Tea parties, ballet, and learning a classical instrument? When so many of us all but need a second job to get by, when half of us are trying to find jobs and can’t, when children are starving in Africa?

(Alright. That last was a low blow on top of being a strawman argument that made no sense. I admit it. :D )

This almost makes me want to join the 53% in their poor logic with a rant of my own. I shall refrain, however.

What I’m getting here is elegance is what you do when you have money, time, and energy — something that almost all of Americans are running perilously low on. What I’m hearing is the plummy tones of the aristocracy, asking with all innocent confusion as to why the commoners don’t eat cake or meat gruel.

And that, that makes me want to muppet flail like nothing else.

I just might address my other concerns regarding sexism and stereotypes at some other time.

Right now though? I just want to sit sprawl legged with my hair unkempt, and howl “I’m a redneck woman, I ain’t no high class broad” at my laptop screen.


Amazing Grass’ Amazing Meal (Chocolate infusion)

Posted in Reviews tagged , , at 4:47 pm by kyrias

I was running late today and didn’t have time for a meal, so I grabbed a container of Amazing Grass’ Amazing Meal off the shelf at Harvest Co-op.

*shell-shocked face* It was 47.99 for a mere 15 servings. I knew it was that expensive when I took it off the shelf, but I didn’t expect the container, which is pretty big, to be only about half-full.

To be perfectly frank, I am feeling a wee bit cheated. I honestly probably wouldn’t have bought it if I had known.

At 15 servings, it comes out to slightly over three dollars per serving. Bit pricey.

On Amazon, it’s 31.03, which makes it slightly above two dollars, which is much, much better.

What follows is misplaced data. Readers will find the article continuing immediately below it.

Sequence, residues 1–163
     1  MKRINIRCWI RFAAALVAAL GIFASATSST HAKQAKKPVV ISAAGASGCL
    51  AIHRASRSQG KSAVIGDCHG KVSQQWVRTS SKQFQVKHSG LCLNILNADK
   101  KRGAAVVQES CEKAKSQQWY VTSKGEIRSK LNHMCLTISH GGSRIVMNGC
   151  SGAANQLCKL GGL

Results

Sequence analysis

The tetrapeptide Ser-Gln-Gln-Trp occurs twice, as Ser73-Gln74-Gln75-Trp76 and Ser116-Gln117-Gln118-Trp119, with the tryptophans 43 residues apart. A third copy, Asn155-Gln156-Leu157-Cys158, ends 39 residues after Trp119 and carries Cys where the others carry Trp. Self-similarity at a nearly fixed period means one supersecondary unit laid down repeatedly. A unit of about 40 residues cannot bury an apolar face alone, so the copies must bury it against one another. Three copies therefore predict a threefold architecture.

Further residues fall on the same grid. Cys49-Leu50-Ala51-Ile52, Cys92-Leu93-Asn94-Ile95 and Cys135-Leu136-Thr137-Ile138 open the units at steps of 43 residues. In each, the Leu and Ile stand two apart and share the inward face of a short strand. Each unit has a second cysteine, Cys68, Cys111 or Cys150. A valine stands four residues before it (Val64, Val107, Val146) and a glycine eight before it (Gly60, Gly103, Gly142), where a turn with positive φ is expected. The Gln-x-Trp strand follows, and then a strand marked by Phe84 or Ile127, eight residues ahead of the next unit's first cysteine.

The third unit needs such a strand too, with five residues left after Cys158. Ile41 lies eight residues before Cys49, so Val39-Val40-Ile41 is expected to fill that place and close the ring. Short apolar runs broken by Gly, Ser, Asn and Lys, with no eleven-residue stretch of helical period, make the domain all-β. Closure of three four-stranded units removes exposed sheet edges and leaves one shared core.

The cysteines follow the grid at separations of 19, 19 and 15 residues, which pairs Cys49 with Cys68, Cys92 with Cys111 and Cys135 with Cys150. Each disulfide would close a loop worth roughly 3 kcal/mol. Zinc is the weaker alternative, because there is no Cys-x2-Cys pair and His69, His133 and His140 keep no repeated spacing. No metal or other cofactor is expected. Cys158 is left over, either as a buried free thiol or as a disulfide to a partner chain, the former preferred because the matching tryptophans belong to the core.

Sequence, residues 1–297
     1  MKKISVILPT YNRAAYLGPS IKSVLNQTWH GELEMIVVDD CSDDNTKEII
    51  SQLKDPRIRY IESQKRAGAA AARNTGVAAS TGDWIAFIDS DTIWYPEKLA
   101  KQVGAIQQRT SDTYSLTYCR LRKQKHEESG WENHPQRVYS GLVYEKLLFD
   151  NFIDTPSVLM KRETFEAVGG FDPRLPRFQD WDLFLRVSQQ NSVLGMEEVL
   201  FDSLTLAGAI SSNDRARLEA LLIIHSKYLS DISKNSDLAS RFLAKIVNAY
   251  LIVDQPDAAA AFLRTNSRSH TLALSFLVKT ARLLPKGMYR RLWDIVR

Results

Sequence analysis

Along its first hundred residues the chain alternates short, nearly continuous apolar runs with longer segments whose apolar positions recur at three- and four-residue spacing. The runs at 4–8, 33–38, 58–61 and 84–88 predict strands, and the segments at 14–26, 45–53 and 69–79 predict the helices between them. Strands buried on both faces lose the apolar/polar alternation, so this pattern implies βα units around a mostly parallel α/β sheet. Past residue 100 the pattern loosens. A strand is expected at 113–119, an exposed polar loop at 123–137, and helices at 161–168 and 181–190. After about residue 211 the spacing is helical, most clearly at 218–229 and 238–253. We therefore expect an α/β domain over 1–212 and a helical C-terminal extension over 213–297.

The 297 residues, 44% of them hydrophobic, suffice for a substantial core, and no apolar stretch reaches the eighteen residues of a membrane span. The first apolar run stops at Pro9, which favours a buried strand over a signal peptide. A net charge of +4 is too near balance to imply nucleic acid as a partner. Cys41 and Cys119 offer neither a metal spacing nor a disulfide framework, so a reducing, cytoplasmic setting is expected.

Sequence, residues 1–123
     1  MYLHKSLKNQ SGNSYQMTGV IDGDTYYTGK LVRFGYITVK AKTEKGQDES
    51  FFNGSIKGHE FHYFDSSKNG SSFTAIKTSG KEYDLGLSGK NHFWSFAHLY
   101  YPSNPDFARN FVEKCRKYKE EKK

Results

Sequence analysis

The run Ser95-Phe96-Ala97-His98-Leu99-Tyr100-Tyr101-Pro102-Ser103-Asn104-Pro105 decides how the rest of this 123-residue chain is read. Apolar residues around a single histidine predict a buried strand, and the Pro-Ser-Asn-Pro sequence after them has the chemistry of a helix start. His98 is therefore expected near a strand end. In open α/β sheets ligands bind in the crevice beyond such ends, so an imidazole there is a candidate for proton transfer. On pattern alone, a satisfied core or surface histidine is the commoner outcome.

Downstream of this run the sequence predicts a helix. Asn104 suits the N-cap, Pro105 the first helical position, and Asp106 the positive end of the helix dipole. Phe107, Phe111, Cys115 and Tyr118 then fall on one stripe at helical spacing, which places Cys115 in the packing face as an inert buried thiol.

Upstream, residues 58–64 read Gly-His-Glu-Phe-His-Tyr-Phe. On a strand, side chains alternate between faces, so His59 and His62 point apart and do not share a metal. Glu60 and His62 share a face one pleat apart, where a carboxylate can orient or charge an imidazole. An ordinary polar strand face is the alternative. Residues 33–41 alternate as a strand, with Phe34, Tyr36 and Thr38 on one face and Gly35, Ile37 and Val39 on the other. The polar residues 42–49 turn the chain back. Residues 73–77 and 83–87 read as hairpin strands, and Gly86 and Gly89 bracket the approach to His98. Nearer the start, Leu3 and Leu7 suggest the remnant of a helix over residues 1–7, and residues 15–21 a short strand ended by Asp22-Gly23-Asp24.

Harvest Co-op, you’re making me sad with how much I want to support you and how much your prices differ from everyone else’s. More than 15 dollars more expensive? Really? :(

I mixed it with organic whole milk, not using the full 10 ounces, and thought it was pretty drink-able. Not amazingly chocolate-y, but enough that I could chug it without feeling too “healthy”. Definitely not something I’d savor though.

It did mix up pretty smooth, with little of the icky things like clumps that just won’t die and had a good texture.

All the reviews I read said that they felt energized and full for a long time after they drank it. I drank it at about 2pm and didn’t feel particularly full afterwards and now at near 4pm I’m feeling positively hungry. Meal replacement? Perhaps not.

Also, I’m still feeling really sleepy so that whole energizing thing? Nah.

Noting, a lot of the reviews I read were done around 2009 and were done with free samples. I’m wondering how much of their glowing reviews was based off of psychosomatic happy feelings on getting a relatively good tasting drink to experiment with, how much of it was due to them being people who were already pretty healthy to begin with ( also known as the raw/vegan/scary type who CAN easily subsist off of meal replacement shakes) and how much of it was that Amazing Grass had a better product back then and has since declined in quality.

Not to be cynical, but I’ve noticed that the first year or so of a company putting out a product, they tend to have amazing stuff, and then it usually goes downhill after that. And then there are the others that get bought out and just suck after that. Naked Juice, Burt’s Bees, I’m looking straight at you.

Meh. I guess I’ll finish this container since I already paid for it, but I doubt I’ll be back for more.

Two stars for taste and convenience.


Sibling love

Posted in Uncategorized at 11:50 am by kyrias

Me: “I’m so bored I could jump out a window.”

Brother points at the bank of windows, “Yeah, sure, out there should work. It looks high enough.”

Me, looking downwards, “Nah, I don’t think it’s high enough.”

B: “Just make sure to land headfirst.”

Me: “Jeez, that’s too much effort. Besides, you’d have to go to Taiwan and China alone if I die.” *smirk*

B: “No, I’d go home to tell dad the tragic news and then I wouldn’t be able to leave the country because I’d need at least a month of mourning time.”

… and then college would start was the unsaid implication.

God but we’re bored. We’ve been sitting in Boston Logan Airport for, oh, like 5 hours now. Gah.


Self-publishing: A ramble

Posted in Writing at 11:17 am by kyrias

I’ve been thinking about this for a while. Probably for too long considering that I haven’t even managed to finish Estyria (temporary title) yet, but hey, that’s how procrastination works, right?

The thing is, if I ever do finish Estyria, I’m probably going to try and sell it to NY first, and then if that doesn’t happen, I just might try self-publishing.

There’s a couple of reasons for that: